Postharvest Solutions Are Not Your Enemy

When it comes to the production of meat, produce, and dairy, the most important aspects of quality are arguably freshness and flavor. Whereas with flowers, “The most important aspects of quality are ‘freshness’ and vase life, and these aspects depend on optimum postharvest handling.” (Dr. Michael Reid, UC Davis 2009). So why does there seem to be a subtle trend away from interest in and use of postharvest solutions? Have you noticed it? Growers, sometimes supermarkets, and often wholesalers and retailers disdain floral chemicals as the best treatment for cuts. They describe water as “clear”, “pure” or “clean”. Huh? The tenacity of bacteria alone is one reason plain water is not an optimal treatment for the vast majority of cut flowers.

How did postharvest solutions become demonized, anyway? In the mid-2000s, organic produce was moving from fringe interest to mainstream and “story” became a trendy marketing strategy as consumers hungered for information supporting various products. Negative comments like this one from Kristine Wong threw a dark light on chemical use on flowers with her bristling alert: “The flowers in your typical supermarket bouquet…(are) likely tended by underpaid laborers exposed to harmful pesticides, preserved with chemicals…”. (Modern Farmer, “A Flower-Farming Renaissance: America’s Slow Flower Movement” 3/28/16).     

Ouch! Stories completely out of sync with the feel-good aura of flowers. Instead of focusing on negative aspects of imports, why not share details about social programs offered by farms including child care, education, and health clinics? Why not pepper the story with information on the use of IPM, worm culture, and composting techniques to reduce chemical use, enrich the soil, and protect the land?

Before I dig my hole any deeper, let me say that I celebrate the uptick in domestic production, and agree 100% with conscientious chemical use. But it is possible that we are missing the point by demonizing flower chemicals and imported blooms rather than focusing on improving the products we offer. Organic and Fair Trade labels on food products motivate me to buy, but when it comes to flowers, bloom performance is my motivator. According to Caitlin Dewey, (Washington Post 2/9/17), Millennials (18-34 year olds) were the driving force behind the 209% sales increase of organic food between 2005 and 2015. Our industry needs to attract the same millennial buying power by offering floral products that not only please, but also last.

Maybe eschewing postharvest solutions is a conscious attempt at distancing domestic from imported blooms. It’s easy to blame imports for the attrition of domestic production. There is no question that flowers went global like so many other U.S. industries. The Andean Free Trade Preference Act (ATPA) in 1991 and the Andean Trade Promotion and Drug Eradication Act (ATPDEA) in 2001 were enacted as trade preference systems by which the United States granted duty-free access to a wide range of exports (including flowers) from four Andean countries:  Bolivia, Colombia, Ecuador and Peru. Enacting the treaties helped these countries fight against drug production and trafficking by expanding their economic alternatives. In the pre-euro years of the 1990s, the exchange rate of the Dutch guilder was rising fast against the U.S. dollar, but the wide array of auction flowers available continued to make purchasing attractive. As import volumes increased to North America and Europe, Colombian and Ecuadorian flower producers realized the globalization of flower production. They responded by embracing proven postharvest practices, adopting uniform grading standards, and renewing and modernizing variety selections, all to provide consistent quality.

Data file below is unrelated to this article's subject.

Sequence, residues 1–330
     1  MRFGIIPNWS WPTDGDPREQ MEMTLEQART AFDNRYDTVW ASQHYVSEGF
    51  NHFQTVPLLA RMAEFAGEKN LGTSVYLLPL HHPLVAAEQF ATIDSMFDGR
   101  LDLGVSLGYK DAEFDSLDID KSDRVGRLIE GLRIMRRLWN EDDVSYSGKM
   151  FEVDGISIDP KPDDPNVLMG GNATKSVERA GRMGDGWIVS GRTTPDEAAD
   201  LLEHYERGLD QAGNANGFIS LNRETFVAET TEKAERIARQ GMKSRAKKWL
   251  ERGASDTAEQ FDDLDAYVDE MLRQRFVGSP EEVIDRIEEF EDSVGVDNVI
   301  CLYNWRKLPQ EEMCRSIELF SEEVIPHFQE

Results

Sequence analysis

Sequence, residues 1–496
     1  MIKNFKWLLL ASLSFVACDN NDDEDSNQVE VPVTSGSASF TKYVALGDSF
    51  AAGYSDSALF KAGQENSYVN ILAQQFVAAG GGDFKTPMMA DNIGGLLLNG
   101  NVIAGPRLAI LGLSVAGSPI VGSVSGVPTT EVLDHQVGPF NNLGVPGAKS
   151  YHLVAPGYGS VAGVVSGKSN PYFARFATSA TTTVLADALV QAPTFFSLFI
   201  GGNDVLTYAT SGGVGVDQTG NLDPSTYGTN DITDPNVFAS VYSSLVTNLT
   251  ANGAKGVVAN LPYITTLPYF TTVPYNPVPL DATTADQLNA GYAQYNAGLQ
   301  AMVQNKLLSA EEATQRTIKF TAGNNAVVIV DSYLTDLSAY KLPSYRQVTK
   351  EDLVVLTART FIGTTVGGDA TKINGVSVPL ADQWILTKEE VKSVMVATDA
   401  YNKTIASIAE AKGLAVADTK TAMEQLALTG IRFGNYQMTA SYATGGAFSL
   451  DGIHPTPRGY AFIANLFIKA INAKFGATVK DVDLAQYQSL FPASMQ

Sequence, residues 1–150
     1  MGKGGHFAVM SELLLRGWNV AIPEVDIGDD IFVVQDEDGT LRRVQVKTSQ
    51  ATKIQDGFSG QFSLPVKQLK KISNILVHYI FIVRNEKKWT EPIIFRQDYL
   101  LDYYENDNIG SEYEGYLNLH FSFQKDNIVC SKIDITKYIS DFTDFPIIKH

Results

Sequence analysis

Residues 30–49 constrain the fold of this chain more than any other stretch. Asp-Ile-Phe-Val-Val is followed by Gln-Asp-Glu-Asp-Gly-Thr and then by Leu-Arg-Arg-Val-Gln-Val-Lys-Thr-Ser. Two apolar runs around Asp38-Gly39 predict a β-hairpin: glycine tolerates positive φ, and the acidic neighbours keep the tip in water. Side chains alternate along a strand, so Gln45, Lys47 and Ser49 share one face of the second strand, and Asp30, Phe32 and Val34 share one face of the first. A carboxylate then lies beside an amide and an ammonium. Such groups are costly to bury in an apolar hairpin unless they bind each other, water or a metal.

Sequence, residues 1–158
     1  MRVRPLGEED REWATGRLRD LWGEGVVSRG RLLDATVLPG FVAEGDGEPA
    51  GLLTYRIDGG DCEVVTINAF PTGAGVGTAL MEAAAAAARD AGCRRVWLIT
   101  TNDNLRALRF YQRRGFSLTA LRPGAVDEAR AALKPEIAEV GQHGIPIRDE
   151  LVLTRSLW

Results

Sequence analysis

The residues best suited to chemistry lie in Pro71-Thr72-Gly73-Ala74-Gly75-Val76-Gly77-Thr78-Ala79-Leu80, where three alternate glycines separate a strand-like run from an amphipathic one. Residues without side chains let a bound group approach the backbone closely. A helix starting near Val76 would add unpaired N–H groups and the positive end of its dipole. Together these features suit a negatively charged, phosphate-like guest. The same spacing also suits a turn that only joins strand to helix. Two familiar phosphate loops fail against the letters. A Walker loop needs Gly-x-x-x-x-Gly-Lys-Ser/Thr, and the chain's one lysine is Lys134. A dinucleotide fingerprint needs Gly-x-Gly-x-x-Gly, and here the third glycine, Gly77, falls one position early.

Still today, many U.S. growers, wholesalers, and retailers view handling procedures and products as a cost rather than a way of offering quality to stimulate repeated purchases; an insurance policy against the myriad of actions that rob days from consumer vase life. The meteoric rise of event planners is the newest group to have an aversion for using floral products. An oft-mentioned reason is “The blooms have to last only as long as the event.”, but that mentality does not jive with the trend of encouraging guests to take home arrangements, which they gladly do. It is almost certain that flower photos are included as part of Facebook postings as the event is relived online in following days. Flowers that have flopped the next morning give a negative overview of ROI.

Some of us have spent our careers encouraging growers, bouquet-makers, wholesalers, florists, supermarkets, and big box stores to consider and employ best practices. Why? The sheer beauty of flowers may not be enough to capture our savvy consumer’s attention. Longevity is the most compelling yardstick used by consumers to decide if their flower purchase was worth the money spent. Satisfied customers are repeat buyers.

Gay Smith

Technical Consulting Manager

Gay Smith is the Technical Consulting Manager for Chrysal USA. Contact her at [email protected]